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The second state of mind means direct contact / alignment with reality. It is not possible for this alignment to be indirect, i.e. through something else, as that would contradict its nature.

One example of such a misalignment is reliance on authority. Teachers, gurus, organizations etc. are necessarily of limited help in the uncovering of the second state – they may provide useful tools and point to the door, but when it comes to the final ‘break’ (into the second state), dependence on authority is in actuality detrimental – the very fact that one is expecting the answer to come from somewhere else will fragment and block.

In other words: don’t look for answers elsewhere – all you need is already inside you.

Even better: don’t look, and you are there!

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There is no such thing as an empty mind.

A clear mind is empty – unburdened by fragmented impulses. But, once the shackles are discarded, emptiness gives birth to infinite potential – only then do real knowledge and creativity begin. Thus, a clear mind is as full as it gets – and it keeps growing …

It is neither empty nor full.
It is both empty and full.

In such emptiness/fullness, the clear mind is free to see its inevitable ties to reality / essence.
Ties mean limits.
Knowing your limits means unlimited horizons …

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The root of psychological fragmentation is the belief / fear that the default state (what is there without the intervention of thought) is empty / meaningless.

The truth is precisely the opposite. It is intervention that causes fragmentation. The default state is whole – aligned with the universe.

A mind that sees this is free.

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The second state means following your unique path – a specific manifestation of the universal order.

By not interfering, you let your path unfold.
By letting it unfold, you are always present.
By being present, you are an active expression of the universe.

Thus, by not getting in the way, you are the way.

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In the second state, the mind is free to explore / know reality, as perception is not distorted by conditioned / fragmented impulses. What the mind knows is then firmly rooted, i.e. true – we could call this kind of knowledge integrated. But, since reality (being/essence) is infinite, the mind cannot possibly know all of it – there will always be more to be known.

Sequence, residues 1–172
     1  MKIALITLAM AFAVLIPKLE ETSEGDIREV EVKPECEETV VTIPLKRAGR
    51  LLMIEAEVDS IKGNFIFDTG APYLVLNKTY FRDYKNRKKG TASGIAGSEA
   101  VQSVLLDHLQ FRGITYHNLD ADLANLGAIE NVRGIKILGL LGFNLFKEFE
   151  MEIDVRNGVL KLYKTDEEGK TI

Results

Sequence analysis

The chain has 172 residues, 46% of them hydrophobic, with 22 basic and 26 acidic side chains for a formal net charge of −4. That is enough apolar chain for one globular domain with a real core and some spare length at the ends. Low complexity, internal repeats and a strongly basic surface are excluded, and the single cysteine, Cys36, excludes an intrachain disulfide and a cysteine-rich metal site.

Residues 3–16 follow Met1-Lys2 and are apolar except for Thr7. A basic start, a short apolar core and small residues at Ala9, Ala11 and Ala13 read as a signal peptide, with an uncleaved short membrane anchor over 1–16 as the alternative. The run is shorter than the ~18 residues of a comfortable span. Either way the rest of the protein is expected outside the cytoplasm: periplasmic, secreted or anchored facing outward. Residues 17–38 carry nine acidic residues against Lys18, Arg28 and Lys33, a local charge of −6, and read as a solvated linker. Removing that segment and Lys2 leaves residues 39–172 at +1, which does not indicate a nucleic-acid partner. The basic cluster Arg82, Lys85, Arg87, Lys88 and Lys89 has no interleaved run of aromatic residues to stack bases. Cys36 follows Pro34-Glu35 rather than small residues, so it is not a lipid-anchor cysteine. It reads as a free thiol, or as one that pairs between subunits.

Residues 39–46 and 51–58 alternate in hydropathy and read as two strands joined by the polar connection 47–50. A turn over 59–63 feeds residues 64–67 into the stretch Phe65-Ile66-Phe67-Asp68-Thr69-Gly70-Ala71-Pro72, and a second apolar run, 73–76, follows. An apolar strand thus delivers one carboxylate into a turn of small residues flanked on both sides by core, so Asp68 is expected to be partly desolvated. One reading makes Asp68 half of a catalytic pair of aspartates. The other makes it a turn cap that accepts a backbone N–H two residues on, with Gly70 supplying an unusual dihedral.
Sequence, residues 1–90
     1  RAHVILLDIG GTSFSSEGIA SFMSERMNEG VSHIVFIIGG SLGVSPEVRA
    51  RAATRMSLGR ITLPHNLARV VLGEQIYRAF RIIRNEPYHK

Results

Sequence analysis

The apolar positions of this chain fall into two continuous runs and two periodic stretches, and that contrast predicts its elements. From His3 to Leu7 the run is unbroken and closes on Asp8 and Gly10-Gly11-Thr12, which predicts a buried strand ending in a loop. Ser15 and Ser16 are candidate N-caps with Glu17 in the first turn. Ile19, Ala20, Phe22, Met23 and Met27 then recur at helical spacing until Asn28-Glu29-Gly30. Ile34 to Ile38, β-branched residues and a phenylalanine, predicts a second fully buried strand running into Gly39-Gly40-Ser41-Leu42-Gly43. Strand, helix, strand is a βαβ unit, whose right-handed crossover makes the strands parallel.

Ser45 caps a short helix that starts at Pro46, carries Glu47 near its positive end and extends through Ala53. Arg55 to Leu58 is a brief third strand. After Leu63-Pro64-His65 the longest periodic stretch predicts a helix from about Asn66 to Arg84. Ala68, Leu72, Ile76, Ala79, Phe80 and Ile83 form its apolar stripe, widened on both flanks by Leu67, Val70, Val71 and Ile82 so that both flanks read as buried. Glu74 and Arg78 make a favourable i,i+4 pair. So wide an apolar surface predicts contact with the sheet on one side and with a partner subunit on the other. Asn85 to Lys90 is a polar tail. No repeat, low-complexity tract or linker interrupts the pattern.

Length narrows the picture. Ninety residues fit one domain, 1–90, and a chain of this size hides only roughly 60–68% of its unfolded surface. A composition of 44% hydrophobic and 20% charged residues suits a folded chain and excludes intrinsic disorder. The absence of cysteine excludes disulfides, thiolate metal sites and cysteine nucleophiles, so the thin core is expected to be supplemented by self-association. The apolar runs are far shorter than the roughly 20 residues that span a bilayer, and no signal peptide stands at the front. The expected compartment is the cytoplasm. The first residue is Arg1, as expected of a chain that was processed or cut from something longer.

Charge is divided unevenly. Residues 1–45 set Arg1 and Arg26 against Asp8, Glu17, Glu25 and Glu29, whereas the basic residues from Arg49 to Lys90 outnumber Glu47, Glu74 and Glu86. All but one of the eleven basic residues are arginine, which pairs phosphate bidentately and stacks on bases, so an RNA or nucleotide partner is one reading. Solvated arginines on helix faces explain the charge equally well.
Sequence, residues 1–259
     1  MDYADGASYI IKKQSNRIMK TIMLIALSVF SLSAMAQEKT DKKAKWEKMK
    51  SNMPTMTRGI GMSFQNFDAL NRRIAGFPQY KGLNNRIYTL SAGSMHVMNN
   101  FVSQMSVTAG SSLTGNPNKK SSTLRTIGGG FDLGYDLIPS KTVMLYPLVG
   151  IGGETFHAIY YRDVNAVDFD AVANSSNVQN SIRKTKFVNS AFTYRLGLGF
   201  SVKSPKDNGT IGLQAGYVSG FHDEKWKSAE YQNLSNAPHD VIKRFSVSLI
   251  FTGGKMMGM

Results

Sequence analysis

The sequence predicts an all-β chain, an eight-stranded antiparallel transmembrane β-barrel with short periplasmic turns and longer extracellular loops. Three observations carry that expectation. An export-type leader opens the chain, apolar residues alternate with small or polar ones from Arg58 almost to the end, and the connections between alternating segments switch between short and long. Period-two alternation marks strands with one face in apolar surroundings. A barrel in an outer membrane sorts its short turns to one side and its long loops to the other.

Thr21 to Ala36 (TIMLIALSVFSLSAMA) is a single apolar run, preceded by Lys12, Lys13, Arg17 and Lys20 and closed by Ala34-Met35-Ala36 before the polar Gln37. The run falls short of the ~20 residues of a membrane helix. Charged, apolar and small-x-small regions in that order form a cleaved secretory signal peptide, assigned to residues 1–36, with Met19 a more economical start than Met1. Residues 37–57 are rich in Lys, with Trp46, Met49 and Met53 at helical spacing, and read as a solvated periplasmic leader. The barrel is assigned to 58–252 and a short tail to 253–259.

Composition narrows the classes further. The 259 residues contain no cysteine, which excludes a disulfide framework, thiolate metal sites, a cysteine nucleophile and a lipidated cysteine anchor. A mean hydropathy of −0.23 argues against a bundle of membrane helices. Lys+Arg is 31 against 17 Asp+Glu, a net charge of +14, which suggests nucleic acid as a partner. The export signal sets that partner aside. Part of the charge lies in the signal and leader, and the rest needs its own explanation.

This realisation brings blissful contentment. The limits of knowledge at any given moment mean that there is unlimited knowledge to be explored beyond. This is the fundamental, natural state that underpins our existence, and it is full of creative potential. It is an amazing feeling to be aware that you truly know something, with no need to prove this or compete – AND at the same time, to be thrilled that there will always be more to learn when you wake up the next morning …

16

The moment you truly see fragmentary thought / impulse for what it is, it is no longer an active part of your mind. This is not a gradual process, but an instantenuous and fundamental shift – a flash!

But, who/what is the entity that sees?

A mind incorporating fragmentary impulse cannot possibly see itself – thought cannot contemplate the nature of another thought. If you try to see / make it happen, it won’t. Trying will block it.

So, the part of the mind that sees has to be outside the space occupied by thought. This part is primary – it is already there, underneath the noise. It has always been there. Just stay back and let it work through you …

14

A conditioned thought / emotional response is, in essence, of the same nature as a consciously directed, forced one. Both are forms of a fragmented impulse, originating in a fragmented mind-set (the first state), resulting with fragmented perception and experience.

Within the second state, thoughts / impulses are integrated and exist in balance: trained reflexes and spontaneous sparks work together.

In the mosaic (perceived reality) of the first state, the pieces are jumbled up. In the second, they fit together – without trying, just by being …